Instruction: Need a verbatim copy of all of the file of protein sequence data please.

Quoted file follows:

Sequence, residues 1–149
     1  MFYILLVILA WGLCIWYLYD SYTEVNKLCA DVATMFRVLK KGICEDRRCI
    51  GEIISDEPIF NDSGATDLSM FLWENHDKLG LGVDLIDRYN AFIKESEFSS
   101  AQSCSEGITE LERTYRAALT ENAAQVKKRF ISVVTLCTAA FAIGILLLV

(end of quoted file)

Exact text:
Sequence, residues 1–149
     1  MFYILLVILA WGLCIWYLYD SYTEVNKLCA DVATMFRVLK KGICEDRRCI
    51  GEIISDEPIF NDSGATDLSM FLWENHDKLG LGVDLIDRYN AFIKESEFSS
   101  AQSCSEGITE LERTYRAALT ENAAQVKKRF ISVVTLCTAA FAIGILLLV